The goal of the Johns Hopkins Brain Cancer Biology and Therapy Laboratory (led by Dr Gregory Riggins) is to locate the genetic and genomic changes that lead to brain cancer. These molecular changes are evaluated for their potential as therapeutic targets and are often mutated genes, or genes that are over-expressed during the development of a brain cancer.
The brain cancers that the Riggins Laboratory studies are medulloblastomas and glioblastomas. Medulloblastomas are the most common malignant brain tumor for children and glioblastomas are the most common malignant brain tumor for adults. Both tumors are difficult to treat, and new therapies are urgently needed for these cancers.
Our laboratory uses large-scale genomic approaches to locate and analyze the genes that are mutated during brain cancer development. The technologies we now employ are capable of searching nearly all of a cancer genome for molecular alterations that can lead to cancer. The new molecular targets for cancer therapy are first located by large scale gene expression analysis, whole-genome scans for altered gene copy number and high throughput sequence analysis of cancer genomes. The alterations we find are then studied in-depth to determine how they contribute to the development of cancer, whether it is promoting tumor growth, enhancing the ability for the cancer to invade into normal tissue, or preventing the various fail-safe mechanisms programmed into our cells.
Our goal is to find the critical new functions that the tumor gains by a new mutation and if counteracting the mutation can slow or stop tumor growth.
In addition to identifying gene mutations and other alterations in brain cancer, we are using this information to develop better brain cancer therapy. This is done in part by screening large chemical libraries to identify small molecules that kill or halt growth of mutation containing cells. Many of these small molecules may have properties that may allow them to be developed into useful drugs. These potential drugs are being tested in experimental systems as potential therapies for brain cancer.
The positive impact on patient survival and quality of life is our major long-term goal.
Our projects are in two main areas of brain cancer research. Our first goal, since the inception of the laboratory, has been to identify genes that cause brain cancers. In particular, we have identified genes that are part of the basis of the formation of glioblastomas and medulloblastomas. Starting about four years ago, we sought practical applications for our research and embarked on an ambitious plan to identify new and better anti-cancer drugs. Our goal is to target the molecular changes that result in brain and other cancers. This work includes screening small molecules for new leads.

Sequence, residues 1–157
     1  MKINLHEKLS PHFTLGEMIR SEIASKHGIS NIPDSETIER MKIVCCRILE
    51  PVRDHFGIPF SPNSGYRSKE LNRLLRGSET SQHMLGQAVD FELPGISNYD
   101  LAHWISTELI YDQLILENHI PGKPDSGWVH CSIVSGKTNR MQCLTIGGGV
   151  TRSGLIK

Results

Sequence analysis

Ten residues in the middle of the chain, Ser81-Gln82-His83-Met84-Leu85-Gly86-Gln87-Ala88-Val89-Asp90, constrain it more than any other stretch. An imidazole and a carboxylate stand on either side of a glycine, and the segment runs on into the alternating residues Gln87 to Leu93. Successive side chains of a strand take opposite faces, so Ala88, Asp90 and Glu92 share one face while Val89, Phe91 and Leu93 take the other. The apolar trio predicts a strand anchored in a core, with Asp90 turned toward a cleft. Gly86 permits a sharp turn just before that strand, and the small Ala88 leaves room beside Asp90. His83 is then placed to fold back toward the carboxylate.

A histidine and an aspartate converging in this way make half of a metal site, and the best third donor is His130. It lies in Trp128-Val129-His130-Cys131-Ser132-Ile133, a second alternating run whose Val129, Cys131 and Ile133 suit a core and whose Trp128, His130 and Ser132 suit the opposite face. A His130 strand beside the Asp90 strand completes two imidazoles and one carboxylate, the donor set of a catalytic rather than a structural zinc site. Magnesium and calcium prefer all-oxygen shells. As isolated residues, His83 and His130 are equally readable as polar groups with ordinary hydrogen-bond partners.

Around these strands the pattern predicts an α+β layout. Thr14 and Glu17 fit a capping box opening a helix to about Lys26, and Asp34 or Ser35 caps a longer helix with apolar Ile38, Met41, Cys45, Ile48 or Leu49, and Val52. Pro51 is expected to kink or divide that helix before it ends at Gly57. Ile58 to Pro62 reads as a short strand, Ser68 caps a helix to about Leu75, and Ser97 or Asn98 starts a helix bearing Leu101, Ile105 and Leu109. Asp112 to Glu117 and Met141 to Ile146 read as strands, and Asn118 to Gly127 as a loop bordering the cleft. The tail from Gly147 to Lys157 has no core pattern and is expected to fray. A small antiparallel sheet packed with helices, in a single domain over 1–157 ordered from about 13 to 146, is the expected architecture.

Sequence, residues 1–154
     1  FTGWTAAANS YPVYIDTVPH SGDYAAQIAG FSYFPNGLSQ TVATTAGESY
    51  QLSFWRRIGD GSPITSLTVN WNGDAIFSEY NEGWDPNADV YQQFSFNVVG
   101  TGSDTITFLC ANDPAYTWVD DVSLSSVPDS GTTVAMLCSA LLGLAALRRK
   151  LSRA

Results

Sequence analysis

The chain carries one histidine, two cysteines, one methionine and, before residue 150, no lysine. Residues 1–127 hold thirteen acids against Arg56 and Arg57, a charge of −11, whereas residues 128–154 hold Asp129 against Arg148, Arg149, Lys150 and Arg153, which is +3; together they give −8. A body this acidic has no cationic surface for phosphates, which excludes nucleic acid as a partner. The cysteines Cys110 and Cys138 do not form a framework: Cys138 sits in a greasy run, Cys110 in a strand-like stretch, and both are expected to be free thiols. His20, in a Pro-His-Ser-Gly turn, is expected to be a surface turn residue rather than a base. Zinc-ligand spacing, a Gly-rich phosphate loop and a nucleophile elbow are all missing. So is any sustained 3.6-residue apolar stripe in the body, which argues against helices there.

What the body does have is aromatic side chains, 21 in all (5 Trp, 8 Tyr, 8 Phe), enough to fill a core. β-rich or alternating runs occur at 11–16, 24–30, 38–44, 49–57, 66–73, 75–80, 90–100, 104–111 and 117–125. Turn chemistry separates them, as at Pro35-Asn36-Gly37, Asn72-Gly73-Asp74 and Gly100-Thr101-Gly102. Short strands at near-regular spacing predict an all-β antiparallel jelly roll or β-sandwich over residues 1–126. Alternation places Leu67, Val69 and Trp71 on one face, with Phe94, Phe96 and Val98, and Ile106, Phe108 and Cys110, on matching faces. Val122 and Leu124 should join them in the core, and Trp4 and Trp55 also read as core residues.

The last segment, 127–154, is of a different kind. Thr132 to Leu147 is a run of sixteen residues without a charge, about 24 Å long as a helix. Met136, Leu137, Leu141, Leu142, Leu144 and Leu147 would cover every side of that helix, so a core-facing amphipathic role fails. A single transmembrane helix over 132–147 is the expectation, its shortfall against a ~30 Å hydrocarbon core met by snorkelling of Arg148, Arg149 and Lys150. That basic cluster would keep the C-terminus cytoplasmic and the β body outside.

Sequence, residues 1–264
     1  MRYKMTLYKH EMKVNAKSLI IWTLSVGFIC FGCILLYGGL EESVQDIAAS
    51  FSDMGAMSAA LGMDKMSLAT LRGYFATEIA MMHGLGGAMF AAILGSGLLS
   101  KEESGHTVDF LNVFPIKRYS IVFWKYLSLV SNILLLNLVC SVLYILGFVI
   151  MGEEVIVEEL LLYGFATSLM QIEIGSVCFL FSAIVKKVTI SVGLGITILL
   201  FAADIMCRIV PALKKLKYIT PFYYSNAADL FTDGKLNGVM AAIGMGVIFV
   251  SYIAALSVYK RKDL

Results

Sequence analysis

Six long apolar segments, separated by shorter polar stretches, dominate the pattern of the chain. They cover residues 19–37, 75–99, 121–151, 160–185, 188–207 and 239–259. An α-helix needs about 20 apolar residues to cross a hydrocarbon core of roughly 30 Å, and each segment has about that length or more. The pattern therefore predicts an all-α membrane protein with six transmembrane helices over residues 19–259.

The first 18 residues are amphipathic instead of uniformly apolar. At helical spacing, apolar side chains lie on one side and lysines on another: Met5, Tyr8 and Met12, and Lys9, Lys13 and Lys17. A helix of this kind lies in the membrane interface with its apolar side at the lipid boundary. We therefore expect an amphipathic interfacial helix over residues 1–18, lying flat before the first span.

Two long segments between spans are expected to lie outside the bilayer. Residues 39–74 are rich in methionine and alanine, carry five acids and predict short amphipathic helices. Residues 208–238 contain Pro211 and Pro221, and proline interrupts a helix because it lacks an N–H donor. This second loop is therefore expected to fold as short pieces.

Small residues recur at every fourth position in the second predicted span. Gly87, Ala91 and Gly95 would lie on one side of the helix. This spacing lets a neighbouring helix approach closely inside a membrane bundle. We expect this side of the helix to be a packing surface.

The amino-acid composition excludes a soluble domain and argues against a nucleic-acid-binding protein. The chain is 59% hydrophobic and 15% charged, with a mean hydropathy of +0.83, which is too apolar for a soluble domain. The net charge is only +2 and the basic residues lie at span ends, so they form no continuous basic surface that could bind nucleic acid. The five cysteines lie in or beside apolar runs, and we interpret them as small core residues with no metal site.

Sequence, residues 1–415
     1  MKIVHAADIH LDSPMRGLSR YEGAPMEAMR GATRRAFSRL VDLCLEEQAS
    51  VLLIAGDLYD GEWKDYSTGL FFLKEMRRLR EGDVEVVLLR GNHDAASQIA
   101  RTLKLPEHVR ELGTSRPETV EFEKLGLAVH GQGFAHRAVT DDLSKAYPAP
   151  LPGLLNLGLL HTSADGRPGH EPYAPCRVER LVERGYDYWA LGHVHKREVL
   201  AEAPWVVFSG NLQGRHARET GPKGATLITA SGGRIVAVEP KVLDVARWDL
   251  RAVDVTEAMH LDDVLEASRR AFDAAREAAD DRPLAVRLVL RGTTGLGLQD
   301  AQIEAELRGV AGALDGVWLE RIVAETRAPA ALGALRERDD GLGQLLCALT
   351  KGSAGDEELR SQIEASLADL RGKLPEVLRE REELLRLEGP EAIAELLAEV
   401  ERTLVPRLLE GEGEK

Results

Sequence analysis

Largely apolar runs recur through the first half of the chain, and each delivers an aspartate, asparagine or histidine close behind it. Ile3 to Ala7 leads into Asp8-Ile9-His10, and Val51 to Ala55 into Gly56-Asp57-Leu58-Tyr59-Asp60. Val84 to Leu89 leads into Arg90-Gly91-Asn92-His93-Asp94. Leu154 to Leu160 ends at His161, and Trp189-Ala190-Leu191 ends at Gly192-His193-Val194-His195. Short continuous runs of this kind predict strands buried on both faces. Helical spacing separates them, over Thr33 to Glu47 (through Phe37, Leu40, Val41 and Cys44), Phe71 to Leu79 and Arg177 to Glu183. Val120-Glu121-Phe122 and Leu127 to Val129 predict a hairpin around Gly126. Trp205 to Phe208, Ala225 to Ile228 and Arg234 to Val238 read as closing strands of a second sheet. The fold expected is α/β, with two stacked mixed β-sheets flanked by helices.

Cancers, including brain cancers, arise due to deleterious changes to DNA — the genetic material that provides life instructions to our cells. The most common and easily recognized DNA alterations are mutations that alter a protein-coding sequence within the one of the 20,000 plus genes in our DNA. These mutations, along with other genetic and epigenetic changes, then in turn alter the amount and sequence of the RNA and protein expressed in a cancerous cell.
Many of our projects use the latest techniques to measure gene expression in malignant cells and experimental systems we engineer to study cancer related genes. Studying the transcripts expressed in cancer cells was the first functional genomics tool we have applied to studying cancer cells. As part of this work, our lab organized the Cancer Genome Anatomy Project’s SAGE database known as SAGE Genie. SAGE Genie is one of the largest and most commonly used Cancer Gene Expression Databases.
Some of our projects are now trying to determine why certain genes are over-expressed in brain cancers, compared to normal brain, and evaluating if these genes are good therapeutic targets.
High-throughput Mutation Screens
Of particular interest to our lab is the identification of cancer-causing gene mutations.
We have already identified new mutations in kinase genes (FGFR1 and PDGFRA) that are probably genetic changes that lead to tumor formation in glioblastomas. This work is published in PNAS.
Using Digital Karyotyping — a technique to map amplifications and deletions in high resolution along the entire genome — we found that the OTX2 gene is amplified in some medulloblastomas. Using SAGE we also found it was overexpressed in about 60% of medulloblastomas. We are currently working on the functional and therapeutic implications of this medulloblastoma oncogene. We are currently scaling up to perform larger screens for brain tumor mutations.